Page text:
The 64th meeting of the International Whaling Commission (IWC), held in Panama City, Panama, represented a challenge for the Contracting Parties: to overcome the difficulties that led to the disruption of the IWC’s 63rd meeting, and to do so without agreement on what constitutes a quorum and without a chair.
An added stressor for some at the Panama meeting was the fate of anticipated proposals for renewal of all the aboriginal subsistence whaling (ASW) quotas for natives in the United States, St. Vincent and the Grenadines (SVG), Greenland, and the Russian Federation. Others were anxious to pass a proposal for the establishment of a South Atlantic Whale Sanctuary, the same proposal that had prompted a mass walkout by the pro-whaling bloc the previous year, resulting in chaos and the quorum confusion (involving whether those who remained in the room could form a quorum and thus vote in the absence of those who bolted).
Fortunately, while some of the outcomes could have been better, the meeting did not repeat last year’s fiasco and much was accomplished. The main reason for the success was the person who eventually stepped in as chair—Switzerland Commissioner Bruno Mainini. True to his country’s reputation, Mr. Mainini was everything needed in a good chair: neutral, punctual and efficient.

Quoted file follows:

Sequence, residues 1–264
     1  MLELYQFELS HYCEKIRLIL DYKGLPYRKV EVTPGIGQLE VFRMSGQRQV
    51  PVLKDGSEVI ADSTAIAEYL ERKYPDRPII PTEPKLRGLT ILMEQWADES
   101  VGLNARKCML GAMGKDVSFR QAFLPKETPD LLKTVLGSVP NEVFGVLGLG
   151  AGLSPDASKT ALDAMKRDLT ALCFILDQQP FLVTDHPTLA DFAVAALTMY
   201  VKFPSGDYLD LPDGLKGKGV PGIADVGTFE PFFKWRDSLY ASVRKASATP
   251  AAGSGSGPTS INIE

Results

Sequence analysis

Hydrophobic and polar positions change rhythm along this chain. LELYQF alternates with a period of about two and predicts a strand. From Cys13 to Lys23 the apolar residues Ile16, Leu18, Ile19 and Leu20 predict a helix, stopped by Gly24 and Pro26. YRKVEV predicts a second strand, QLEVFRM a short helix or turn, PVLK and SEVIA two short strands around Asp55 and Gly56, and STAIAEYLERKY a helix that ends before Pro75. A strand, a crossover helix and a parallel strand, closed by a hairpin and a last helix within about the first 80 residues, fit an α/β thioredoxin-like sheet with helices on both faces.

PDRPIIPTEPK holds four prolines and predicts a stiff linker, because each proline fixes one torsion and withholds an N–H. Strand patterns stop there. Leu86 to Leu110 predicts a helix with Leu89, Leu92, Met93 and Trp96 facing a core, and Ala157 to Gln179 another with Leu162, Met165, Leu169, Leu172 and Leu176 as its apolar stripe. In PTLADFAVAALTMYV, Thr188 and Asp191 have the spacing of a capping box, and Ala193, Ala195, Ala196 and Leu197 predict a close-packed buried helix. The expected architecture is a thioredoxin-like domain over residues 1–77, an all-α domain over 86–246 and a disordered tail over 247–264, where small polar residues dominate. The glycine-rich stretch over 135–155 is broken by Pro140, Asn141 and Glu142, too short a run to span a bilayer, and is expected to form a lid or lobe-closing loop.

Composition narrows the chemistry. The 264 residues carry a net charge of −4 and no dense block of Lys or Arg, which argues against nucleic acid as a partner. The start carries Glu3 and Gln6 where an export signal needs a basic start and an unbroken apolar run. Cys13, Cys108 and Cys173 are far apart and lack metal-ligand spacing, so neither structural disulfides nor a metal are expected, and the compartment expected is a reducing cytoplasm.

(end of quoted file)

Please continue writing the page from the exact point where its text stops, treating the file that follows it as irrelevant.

By mutual agreement, the quorum issue was set aside and the meeting progressed to the still-pending sanctuary proposal by Brazil, Argentina, South Africa, and Uruguay. Sadly, it failed to gain the necessary three-quarters majority, with opposing votes predictably coming from Japan, Norway, Iceland, and their allies. After a short discussion on the “Future of the IWC,” reports came from the chair of the Scientific Committee on the status of various populations of whales currently protected from commercial whaling—including some still targeted in lethal research whaling by Japan, commercial whaling under objection by Norway, and under reservation by Iceland. Of particular interest is the apparent decline in numbers of southern hemisphere minke whales—the species targeted by Japanese whalers in Antarctica—and the situation with regard to western North Pacific gray whales.
AWI highlighted the perilous state of western North Pacific gray whales in its Summer 2004 AWI Quarterly, due to past overhunting and now to proximity of their feeding grounds to major oil and gas operations off Sakhalin Island, Russia. With only about 140 animals remaining, these critically endangered whales face a very uncertain future. Of recent interest is telemetry evidence showing some of the whales moving around the Pacific Rim to the shores of North America. One animal was even tracked from Sakhalin to the traditional eastern North Pacific gray whale breeding lagoons in Baja California, Mexico, and back to Sakhalin. An additional 14 animals have been matched with sightings in Mexico and Russia, suggesting the eastern and western North Pacific gray whales are not such separate populations. This has huge conservation implications for the Sakhalin animals, as well as the gray whales the Makah Tribe of Washington state seeks to hunt.